Diagnosing MCAS – Ask Your Doctor for Lab Work

Ask Your Doctor for Lab Work

MCAS can be difficult to diagnose because lab test results may fluctuate as symptoms wax and wane. Many tests may need to be repeated during times of symptom flare-ups. Poor handling of specimens by the laboratory is also a real issue affecting results. Lab testing may thus result in false negatives despite a clinical history highly consistent with MCAS. Furthermore, MCAS doesn’t always cause abnormalities in lab work, adding to the complexity of diagnosis. Positive lab work is obtained only 20% of the time.

If you’re interested in getting lab work done to check for MCAS, I recommend the tests listed below. The top five, in bold, are the most important and necessary to establish a diagnosis:

  1. Histamine – plasma – Quest 36586 – must be chilled. Normal range – 28-51 ug/l.
  2. N-Methylhistamine – 24-hour urine – must be chilled. Normal range – less than 200 mcg/g.
  3. Prostaglandin D2 – plasma – must be chilled. Must be off NSAIDS (Motrin, Advil), aspirin, ASA, anything containing aspirin, for 5 days.
  4. Prostaglandin D2 (PGD2) – 24-hour urine – chilled. Must be off NSAIDS (Motrin, Advil), aspirin, ASA, anything containing aspirin, for 5 days.
  5. Chromogranin A – Quest 16379 – must be off proton pump inhibitors (PPIs) and H2 blockers (Pepcid and Zantac) for 5 days before tests, since they can falsely elevate chromogranin A.
  6. Prostaglandin 11-beta F2 Alpha (PGF2alpha) – 24-hour urine – chilled. Must be off NSAIDS (Motrin, Advil), aspirin, ASA, anything containing aspirin, for 5 days.
  7. Serum Tryptase – Quest 34484. Rarely elevated in MCAS. NR less than 11.5 ng/ml. Positive if increase over baseline of 20% or baseline greater than 15.
  8. Leukotriene E4 – 24-hour urine – chilled. Must be off NSAIDS (Motrin, Advil), aspirin, ASA, anything containing aspirin, for 5 days.
  9. Plasma heparin Anti-XA (must be off heparin products) – chilled. Degrades quickly.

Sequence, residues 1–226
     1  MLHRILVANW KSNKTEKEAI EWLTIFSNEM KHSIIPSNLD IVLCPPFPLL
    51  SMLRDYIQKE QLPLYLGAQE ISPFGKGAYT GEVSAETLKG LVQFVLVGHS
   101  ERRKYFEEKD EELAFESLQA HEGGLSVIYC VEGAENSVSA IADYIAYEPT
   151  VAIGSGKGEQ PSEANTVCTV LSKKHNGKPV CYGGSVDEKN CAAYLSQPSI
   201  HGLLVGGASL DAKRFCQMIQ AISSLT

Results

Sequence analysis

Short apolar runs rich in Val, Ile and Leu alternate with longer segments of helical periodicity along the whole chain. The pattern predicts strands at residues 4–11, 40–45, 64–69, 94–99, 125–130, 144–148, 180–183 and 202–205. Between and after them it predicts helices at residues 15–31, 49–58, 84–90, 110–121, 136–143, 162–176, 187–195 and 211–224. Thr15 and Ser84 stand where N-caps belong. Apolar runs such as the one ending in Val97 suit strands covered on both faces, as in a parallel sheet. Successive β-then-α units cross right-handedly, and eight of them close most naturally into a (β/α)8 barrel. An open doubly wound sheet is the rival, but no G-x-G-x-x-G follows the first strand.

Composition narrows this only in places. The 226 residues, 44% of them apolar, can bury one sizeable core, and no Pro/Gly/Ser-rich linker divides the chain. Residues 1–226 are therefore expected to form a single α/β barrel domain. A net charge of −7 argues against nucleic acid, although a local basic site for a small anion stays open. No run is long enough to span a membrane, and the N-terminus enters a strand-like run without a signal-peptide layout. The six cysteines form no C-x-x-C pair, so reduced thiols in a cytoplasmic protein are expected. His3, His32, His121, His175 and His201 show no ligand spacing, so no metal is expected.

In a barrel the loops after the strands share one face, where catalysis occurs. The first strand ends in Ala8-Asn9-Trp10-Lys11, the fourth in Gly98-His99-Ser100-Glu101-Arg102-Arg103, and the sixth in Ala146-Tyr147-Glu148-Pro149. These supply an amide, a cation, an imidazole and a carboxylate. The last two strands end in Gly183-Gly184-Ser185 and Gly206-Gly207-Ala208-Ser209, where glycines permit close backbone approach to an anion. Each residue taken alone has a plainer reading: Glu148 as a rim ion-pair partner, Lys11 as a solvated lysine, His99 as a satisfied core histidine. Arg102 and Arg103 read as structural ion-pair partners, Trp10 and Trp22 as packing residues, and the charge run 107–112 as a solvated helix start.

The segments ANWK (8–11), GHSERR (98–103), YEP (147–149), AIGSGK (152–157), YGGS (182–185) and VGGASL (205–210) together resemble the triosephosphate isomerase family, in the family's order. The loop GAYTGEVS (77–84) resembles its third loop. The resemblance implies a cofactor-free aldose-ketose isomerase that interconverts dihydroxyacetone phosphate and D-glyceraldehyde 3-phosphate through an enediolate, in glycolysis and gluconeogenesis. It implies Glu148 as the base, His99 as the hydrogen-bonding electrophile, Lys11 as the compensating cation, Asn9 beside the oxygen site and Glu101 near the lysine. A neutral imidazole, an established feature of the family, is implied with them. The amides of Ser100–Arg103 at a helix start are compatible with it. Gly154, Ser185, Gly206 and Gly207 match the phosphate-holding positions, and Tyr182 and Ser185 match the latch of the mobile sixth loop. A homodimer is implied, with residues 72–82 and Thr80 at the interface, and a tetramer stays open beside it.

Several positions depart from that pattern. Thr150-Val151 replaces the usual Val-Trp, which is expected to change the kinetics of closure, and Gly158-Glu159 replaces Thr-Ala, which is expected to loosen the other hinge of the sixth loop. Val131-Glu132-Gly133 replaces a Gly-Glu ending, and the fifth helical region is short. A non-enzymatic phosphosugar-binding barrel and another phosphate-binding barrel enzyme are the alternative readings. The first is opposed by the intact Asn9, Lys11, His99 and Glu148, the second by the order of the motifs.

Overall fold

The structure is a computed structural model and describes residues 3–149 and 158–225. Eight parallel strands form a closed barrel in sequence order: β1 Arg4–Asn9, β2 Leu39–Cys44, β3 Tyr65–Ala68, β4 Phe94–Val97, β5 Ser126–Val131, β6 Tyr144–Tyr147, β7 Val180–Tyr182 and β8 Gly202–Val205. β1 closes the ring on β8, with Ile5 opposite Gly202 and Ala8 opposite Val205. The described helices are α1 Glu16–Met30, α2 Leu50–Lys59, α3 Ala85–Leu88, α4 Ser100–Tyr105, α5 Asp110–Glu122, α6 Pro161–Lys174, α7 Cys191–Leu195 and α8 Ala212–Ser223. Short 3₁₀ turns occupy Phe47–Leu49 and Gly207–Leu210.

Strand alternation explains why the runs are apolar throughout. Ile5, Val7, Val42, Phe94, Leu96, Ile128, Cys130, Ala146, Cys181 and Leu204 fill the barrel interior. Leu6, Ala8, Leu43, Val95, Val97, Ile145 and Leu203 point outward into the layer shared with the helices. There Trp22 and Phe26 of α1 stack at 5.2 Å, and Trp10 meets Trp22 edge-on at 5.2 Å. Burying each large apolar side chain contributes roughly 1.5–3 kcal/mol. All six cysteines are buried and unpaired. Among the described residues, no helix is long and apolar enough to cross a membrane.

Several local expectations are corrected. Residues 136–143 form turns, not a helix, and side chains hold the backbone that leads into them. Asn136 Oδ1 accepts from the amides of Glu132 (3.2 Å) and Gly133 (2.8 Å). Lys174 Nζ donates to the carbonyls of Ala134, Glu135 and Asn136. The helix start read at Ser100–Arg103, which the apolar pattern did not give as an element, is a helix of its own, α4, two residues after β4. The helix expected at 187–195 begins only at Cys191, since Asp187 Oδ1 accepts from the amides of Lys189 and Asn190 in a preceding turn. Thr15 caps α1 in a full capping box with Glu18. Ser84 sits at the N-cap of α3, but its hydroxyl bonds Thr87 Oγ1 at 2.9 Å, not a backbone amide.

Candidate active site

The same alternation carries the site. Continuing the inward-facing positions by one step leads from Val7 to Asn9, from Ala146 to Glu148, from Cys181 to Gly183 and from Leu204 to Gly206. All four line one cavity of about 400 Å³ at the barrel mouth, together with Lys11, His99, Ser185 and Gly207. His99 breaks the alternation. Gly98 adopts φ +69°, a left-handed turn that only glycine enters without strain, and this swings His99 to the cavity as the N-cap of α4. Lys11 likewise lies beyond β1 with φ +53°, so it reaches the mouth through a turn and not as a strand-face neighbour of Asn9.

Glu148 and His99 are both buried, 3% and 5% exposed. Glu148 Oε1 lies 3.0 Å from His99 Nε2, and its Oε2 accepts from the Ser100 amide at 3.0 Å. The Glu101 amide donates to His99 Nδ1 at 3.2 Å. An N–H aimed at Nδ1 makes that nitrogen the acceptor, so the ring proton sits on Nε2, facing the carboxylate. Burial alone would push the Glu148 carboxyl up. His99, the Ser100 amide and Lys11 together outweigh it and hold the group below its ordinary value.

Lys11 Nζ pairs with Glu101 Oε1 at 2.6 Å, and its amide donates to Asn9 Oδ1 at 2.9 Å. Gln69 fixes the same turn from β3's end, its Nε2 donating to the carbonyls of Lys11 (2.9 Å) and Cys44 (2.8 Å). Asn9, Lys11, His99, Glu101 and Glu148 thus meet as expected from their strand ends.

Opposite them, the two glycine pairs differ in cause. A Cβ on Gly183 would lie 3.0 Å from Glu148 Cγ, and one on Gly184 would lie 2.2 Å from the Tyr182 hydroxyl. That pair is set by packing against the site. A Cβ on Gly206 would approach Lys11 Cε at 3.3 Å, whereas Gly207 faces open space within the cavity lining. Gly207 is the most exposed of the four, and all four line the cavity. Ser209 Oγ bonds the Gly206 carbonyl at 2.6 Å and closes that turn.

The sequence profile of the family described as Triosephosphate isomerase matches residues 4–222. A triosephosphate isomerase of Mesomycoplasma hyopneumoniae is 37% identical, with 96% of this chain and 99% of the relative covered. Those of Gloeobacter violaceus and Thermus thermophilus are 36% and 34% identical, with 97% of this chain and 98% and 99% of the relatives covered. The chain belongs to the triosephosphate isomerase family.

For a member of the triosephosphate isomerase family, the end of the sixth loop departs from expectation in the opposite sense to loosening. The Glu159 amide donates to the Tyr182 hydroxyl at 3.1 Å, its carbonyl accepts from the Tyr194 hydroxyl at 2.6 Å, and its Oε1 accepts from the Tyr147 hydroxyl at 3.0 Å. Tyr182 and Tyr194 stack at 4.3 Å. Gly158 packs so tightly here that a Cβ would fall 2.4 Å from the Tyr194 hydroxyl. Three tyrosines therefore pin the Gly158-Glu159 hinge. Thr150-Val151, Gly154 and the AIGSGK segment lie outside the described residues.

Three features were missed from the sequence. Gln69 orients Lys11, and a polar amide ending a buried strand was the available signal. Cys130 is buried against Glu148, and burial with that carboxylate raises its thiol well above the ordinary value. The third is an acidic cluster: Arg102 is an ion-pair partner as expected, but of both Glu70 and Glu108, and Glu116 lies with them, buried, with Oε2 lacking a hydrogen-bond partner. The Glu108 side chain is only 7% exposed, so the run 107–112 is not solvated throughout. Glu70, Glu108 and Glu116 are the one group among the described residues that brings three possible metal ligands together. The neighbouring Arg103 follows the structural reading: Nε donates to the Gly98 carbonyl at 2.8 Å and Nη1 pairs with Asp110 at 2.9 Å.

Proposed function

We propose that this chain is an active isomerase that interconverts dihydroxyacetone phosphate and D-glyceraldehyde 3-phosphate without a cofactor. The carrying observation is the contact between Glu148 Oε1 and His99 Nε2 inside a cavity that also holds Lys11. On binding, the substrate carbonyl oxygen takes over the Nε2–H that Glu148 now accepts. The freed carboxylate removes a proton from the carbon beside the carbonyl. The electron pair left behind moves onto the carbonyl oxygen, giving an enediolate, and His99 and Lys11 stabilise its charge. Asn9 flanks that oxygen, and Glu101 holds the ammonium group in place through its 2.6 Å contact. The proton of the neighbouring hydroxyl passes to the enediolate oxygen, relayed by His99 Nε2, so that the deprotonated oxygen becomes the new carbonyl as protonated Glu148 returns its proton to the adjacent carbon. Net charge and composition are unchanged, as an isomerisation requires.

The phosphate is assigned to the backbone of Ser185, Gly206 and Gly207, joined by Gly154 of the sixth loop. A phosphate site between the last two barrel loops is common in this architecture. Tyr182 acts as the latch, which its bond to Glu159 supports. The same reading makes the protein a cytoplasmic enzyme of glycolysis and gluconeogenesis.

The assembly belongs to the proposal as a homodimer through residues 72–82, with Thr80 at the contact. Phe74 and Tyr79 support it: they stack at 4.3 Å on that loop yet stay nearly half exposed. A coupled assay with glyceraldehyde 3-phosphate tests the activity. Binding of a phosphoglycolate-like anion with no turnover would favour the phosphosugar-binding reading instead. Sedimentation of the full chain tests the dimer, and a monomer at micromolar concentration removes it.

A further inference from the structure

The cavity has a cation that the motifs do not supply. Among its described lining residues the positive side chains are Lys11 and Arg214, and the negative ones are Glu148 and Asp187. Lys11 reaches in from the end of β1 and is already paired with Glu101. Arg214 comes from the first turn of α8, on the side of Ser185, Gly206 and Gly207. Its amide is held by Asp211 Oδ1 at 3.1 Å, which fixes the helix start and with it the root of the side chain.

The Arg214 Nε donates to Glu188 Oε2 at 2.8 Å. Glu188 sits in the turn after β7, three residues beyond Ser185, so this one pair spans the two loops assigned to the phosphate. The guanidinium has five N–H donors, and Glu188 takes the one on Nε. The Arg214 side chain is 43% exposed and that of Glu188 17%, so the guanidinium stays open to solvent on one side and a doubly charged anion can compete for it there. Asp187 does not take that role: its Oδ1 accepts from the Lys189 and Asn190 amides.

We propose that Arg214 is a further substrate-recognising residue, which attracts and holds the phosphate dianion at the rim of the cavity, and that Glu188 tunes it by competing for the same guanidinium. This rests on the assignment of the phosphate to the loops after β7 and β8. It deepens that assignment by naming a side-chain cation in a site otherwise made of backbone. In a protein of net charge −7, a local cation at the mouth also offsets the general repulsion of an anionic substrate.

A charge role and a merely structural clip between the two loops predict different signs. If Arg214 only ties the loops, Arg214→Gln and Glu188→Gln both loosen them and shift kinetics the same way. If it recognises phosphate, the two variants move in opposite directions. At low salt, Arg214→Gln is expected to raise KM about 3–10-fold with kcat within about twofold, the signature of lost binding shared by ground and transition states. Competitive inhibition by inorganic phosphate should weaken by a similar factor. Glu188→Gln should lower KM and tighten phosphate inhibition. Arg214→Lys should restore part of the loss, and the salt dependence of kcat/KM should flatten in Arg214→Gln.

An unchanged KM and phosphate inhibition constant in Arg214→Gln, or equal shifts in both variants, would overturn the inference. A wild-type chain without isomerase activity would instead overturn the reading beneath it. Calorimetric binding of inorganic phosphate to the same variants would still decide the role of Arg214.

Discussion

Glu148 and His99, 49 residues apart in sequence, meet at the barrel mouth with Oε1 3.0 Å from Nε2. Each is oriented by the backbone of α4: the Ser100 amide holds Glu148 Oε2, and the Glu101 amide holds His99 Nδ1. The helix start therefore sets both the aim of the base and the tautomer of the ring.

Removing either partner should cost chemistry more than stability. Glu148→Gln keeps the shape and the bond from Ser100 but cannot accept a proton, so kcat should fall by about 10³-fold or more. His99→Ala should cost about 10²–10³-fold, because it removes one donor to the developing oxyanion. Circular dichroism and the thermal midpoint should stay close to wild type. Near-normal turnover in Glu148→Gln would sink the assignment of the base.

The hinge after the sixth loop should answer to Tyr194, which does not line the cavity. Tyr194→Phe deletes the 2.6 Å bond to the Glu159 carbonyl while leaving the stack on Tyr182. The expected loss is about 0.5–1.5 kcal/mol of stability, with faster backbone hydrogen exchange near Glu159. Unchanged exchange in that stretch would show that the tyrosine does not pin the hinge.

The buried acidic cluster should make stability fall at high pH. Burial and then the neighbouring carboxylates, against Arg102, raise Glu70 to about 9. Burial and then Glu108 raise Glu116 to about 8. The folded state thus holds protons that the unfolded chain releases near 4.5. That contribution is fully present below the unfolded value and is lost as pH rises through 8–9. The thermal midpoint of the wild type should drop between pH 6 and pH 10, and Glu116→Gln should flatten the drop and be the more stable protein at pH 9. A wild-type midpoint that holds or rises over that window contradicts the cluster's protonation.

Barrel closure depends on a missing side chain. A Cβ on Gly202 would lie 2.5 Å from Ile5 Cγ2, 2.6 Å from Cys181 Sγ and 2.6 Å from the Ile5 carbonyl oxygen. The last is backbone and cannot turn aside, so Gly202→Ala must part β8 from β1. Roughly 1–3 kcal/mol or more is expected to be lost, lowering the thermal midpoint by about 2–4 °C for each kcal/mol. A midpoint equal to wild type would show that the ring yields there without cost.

10. Blood clotting profile – Thrombin/PT/PTT/INR.
  11. Anti-IgE Receptor antibody.
  12. Neuron Specific Enolase – Quest 34476.
  13. Plasma pheochromocytoma workup.
  14. Porphyria workup.
  15. Factor VIII deficiency.
  16. Plasma free norepinephrine – Quest 37562.
  17. Urinary metanephrines – can b done in normal Calgary labs.
  18. Immunoglobulins – IgG, IgM, IgE, IgA
  19. Bone marrow biopsy looking for the following markers: CD117/CD25; CD117/CD2.
  20. Gastrin
  21. Ferritin
  22. CBC – eosinophils, basophils.
  23. Antiphospholipid antibodies.
  24. Genetic testing looking for Phase 1 and Phase II liver detox and methylation defects.
  25. Dunwoody Labs – test zonulin, histamine, DAO enzyme deficiency.

Many of these tests require specimens that are chilled by using a special centrifuge as the mast cell mediators are fleeting and degrade very quickly if not handled properly.

Further tests that may be of help:

  1. MTHFR gene mutations
  2. MAT gene mutations
  3. DAO gene mutations
  4. HNMT gene mutations. The liver plays a role in histamine intolerance. Histamine is not just disassembled in the gut by diamine oxidase (DAO). It is also disassembled in the liver, where it is in high concentrations, by HNMT.
  5. Glutathione levels. If glutathione levels are depleted, the inflammatory mediators released by mast cells may not be adequately neutralized by glutathione, the master antioxidant. This can lead to a vicious circle where oxidative stress results in mast-cells releasing inflammatory chemicals, which need to be detoxified by Phase 1 of the liver. If glutathione is low, the liver will be unable to neutralize them, resulting in further inflammation and oxidative stress.

These tests can help you identify whether MCAS is the cause of your mysterious and seemingly unrelated symptoms.

1 thought on “Diagnosing MCAS – Ask Your Doctor for Lab Work”

  1. So how do you get your doctor to do these tests without him or her laughing at you? And thinking your crazy? My doctor won’t do any tests just CBC and a pee test and says your fine.

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